Each of the book's 241 pages is illustrated with Ms. Scheuer's charming drawings and photographs (like the one on Page C-1), and they're worth the price of the book.
The cast of characters includes Lucy's best friend Hatsy, an orange hen whose breed was initially a mystery; Lil' White, a Buff Orpington described as "perfectly gorgeous" and a "passive-aggressive sociopath"; Pigeon, a Barred Plymouth Rock rescued as a sickly, scraggly hen; and two roosters.
Yes, that adds up to more than a flock of four. Let's just say there is happiness as well as heartbreak in this book, and I don't want to give away the story line here other than to say that Lucy is alive and thriving.
Now back to more chick advice, gleaned from the phone interview. Ms. Scheuer thinks three or four chickens is the perfect number.
"Two is not a flock and chickens are flock animals," she said, and "one is a lonely chicken." Acquire more than four chickens, and you may get more eggs than your family and friends can eat.
Her family usually gets five eggs a week from three hens. Hens don't lay eggs in the winter because they need 14 hours of daylight to produce eggs. Commercial farmers keep lights on in their barns to trick the hens into laying more eggs. Ms. Scheuer would never do that, nor would she slaughter and eat hens when their egg production drops off.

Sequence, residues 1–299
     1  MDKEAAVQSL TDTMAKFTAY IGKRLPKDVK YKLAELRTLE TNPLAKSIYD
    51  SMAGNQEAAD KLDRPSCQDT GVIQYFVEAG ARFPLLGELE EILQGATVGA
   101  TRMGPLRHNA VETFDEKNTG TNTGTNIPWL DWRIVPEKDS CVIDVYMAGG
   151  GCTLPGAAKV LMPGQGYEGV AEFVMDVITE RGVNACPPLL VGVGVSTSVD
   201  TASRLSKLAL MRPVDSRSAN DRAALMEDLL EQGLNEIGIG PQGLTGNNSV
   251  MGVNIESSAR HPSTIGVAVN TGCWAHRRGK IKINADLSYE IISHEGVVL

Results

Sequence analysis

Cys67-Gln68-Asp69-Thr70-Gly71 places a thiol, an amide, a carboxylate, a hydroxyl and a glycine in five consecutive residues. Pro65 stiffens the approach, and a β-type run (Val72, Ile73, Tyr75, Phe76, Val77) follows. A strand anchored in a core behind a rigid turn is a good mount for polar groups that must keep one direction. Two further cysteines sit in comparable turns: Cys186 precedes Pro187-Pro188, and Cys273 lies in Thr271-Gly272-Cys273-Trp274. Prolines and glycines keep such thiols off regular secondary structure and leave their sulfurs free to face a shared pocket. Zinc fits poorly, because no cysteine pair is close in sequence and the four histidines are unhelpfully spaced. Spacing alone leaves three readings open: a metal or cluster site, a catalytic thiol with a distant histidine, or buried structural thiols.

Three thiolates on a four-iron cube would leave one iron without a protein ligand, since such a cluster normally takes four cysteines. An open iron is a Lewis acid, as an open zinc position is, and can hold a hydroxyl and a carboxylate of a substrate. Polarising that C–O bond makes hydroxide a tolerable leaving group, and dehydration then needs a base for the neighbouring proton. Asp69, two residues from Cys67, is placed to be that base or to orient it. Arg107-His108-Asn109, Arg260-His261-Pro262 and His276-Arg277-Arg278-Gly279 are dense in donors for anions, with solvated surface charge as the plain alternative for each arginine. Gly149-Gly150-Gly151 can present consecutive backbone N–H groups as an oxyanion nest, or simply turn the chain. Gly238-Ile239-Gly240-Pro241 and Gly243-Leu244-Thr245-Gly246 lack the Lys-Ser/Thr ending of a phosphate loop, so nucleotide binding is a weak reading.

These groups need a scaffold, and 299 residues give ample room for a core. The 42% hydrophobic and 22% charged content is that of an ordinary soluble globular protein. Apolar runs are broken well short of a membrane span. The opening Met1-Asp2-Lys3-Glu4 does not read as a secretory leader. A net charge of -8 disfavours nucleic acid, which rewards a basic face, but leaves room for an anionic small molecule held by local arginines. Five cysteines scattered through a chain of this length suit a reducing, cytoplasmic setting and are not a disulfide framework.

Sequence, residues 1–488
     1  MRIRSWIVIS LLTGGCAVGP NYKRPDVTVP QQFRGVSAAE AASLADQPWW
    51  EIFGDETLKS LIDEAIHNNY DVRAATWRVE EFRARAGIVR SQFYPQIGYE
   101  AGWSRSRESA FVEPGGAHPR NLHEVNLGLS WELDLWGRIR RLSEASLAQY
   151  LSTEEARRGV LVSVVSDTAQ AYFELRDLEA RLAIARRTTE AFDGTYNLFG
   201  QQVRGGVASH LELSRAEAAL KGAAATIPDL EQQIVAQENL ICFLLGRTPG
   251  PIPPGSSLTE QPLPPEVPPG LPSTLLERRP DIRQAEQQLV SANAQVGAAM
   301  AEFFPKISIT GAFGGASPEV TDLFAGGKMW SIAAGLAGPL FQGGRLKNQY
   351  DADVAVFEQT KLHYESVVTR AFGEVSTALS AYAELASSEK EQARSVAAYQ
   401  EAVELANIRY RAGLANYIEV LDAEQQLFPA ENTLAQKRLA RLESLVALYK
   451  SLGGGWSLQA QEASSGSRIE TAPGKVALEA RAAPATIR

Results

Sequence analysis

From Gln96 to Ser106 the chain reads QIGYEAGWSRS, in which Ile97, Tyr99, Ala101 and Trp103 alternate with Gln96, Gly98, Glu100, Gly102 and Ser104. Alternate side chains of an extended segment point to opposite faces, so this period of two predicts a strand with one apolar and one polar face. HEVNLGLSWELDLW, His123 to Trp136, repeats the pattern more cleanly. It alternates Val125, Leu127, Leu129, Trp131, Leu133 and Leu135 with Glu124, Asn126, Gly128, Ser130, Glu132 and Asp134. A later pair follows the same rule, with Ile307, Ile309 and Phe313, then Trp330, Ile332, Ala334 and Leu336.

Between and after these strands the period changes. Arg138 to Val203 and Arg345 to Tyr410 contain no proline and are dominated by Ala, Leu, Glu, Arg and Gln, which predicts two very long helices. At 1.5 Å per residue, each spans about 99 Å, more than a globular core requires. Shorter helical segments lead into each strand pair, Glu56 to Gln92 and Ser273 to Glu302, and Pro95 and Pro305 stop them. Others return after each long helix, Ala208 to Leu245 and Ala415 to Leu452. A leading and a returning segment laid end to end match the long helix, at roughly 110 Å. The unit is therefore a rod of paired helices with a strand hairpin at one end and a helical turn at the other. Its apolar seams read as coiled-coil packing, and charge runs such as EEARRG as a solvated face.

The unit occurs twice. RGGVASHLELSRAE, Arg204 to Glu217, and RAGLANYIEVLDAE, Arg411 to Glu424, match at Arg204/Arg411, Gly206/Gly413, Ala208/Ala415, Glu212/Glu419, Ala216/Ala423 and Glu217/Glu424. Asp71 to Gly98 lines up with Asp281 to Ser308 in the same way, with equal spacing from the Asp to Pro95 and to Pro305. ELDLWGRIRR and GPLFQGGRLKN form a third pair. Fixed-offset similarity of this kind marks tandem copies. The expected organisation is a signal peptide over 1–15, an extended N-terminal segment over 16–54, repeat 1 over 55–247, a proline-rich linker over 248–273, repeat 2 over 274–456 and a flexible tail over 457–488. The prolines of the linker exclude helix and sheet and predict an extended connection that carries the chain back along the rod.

In fact, she no longer eats the meat of chickens, though she admits she craves chicken salad. Two years ago she became a vegetarian, eschewing the flesh of all animals
You won't find nutritional chicken feed and chicken scratch in regular pet stores or grocery stores. Agway and other feed stores sell it in rural and semi-rural areas, but there is a source here in the city. Animal Nature in Regent Square sells chicken feed from Countryside Organics. A 50-pound bag is $35 and should feed a small flock for a couple of months.
About 40-50 chicken owners regularly buy feed at the store owned by Rachel Lamory and Nina Wolf. Cinder and Ella, both small, fancy-breed chickens known as Silkies. live in the store window. The friendly birds seem to enjoy the attention of customers.